Two and half years ago, I began living life as a vegan. For those who haven't read the post describing the transition, allow me to offer a brief recap. [And if that doesn't sound appealing or you have doubts as to whether or not I can truly be brief, simply scroll down a few paragraphs]
Returning from a 3 week trip to the Philippines in 2012, I was rejuvenated and grateful for my heritage and my roots, but I had consumed entirely way too much meat as I strove to honor the gesture of the meals that were prepared especially for us as well as my role as a guest in the homes of family and friends. So to "cleanse," I decided I would follow a strictly vegan diet for 1-2 weeks upon arriving in Austin to give my digestive system a chance to rest and recover.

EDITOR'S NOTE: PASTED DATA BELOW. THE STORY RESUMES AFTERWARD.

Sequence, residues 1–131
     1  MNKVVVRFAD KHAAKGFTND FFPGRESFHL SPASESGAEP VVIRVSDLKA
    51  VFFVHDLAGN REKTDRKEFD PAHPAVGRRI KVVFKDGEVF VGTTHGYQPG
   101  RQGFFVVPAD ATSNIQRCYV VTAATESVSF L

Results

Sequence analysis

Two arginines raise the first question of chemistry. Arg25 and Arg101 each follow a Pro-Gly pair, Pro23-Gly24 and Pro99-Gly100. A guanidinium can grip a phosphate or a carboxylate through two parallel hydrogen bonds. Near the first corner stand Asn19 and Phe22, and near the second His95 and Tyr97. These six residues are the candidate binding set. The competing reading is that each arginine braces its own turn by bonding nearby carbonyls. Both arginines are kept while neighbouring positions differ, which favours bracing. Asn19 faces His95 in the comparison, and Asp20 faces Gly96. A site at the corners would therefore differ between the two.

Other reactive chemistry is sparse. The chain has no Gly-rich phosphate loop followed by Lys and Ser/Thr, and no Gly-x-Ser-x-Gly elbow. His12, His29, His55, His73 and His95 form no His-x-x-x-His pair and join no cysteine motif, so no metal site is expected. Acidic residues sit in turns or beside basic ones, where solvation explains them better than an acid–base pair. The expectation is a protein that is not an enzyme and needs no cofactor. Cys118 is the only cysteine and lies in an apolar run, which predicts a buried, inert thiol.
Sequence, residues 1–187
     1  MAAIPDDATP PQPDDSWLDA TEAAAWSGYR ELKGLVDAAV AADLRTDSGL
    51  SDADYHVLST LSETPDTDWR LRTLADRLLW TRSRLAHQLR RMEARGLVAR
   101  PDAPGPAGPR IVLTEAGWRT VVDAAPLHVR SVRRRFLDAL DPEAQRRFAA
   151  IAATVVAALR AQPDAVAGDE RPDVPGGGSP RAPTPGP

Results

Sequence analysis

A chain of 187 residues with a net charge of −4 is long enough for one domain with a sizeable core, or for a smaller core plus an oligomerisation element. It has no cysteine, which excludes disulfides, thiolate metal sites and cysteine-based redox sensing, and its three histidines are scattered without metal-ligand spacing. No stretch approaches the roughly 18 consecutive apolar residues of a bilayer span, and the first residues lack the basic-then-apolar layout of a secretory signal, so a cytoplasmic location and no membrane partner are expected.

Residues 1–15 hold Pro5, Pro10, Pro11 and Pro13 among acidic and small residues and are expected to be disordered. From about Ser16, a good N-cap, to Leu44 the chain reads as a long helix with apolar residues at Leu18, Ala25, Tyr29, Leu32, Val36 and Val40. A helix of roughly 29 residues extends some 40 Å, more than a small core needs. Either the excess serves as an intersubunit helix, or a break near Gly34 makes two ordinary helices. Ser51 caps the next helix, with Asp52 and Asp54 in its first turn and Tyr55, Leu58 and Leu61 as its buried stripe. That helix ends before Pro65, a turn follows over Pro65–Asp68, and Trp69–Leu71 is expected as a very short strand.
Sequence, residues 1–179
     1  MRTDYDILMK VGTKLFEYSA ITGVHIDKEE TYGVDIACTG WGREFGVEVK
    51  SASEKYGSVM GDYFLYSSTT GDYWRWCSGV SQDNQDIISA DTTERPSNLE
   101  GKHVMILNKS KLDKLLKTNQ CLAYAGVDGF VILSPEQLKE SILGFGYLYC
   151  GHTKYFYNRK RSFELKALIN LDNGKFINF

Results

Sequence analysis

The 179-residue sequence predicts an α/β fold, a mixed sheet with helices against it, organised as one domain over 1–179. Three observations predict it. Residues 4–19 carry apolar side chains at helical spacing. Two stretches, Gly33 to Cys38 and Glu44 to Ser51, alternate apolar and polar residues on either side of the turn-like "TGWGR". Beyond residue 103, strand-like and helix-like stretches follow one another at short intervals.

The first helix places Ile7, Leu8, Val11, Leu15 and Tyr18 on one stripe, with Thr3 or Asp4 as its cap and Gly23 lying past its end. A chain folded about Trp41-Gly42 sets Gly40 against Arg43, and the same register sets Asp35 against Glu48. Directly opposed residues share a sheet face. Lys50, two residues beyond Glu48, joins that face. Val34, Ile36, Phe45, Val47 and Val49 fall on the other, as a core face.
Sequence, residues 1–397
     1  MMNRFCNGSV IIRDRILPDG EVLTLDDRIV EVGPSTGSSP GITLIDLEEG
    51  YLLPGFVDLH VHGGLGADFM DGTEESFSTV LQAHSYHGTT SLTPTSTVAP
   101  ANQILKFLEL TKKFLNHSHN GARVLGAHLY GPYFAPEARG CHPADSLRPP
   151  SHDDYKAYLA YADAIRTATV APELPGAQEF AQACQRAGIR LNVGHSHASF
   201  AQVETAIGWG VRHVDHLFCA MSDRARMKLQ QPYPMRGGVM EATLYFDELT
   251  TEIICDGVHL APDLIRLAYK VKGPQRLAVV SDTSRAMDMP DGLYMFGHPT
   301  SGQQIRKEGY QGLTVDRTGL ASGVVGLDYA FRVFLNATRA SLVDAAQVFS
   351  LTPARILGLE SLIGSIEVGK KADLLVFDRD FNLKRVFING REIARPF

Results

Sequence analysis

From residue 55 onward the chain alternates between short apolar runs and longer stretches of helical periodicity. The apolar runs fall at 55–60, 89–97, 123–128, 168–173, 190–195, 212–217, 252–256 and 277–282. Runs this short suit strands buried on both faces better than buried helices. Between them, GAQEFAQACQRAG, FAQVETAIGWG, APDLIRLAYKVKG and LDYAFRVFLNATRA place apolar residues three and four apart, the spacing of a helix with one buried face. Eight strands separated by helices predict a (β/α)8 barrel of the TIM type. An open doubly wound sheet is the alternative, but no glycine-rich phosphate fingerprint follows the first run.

Celebrating my roommate's birthday, he had made way too much white bean and chicken chili, and feeling bad that so much might go to waste, I decided to have some. But once it entered my mouth, I was literally unable to chew. My jaws would not move. There was this feeling of confusion and an overwhelming emotion that something was not right. And just like my reaction to tequila, the chili ejected itself right out of my mouth and back into the bowl.
As I've learned over the years, my body does not tend to mince words.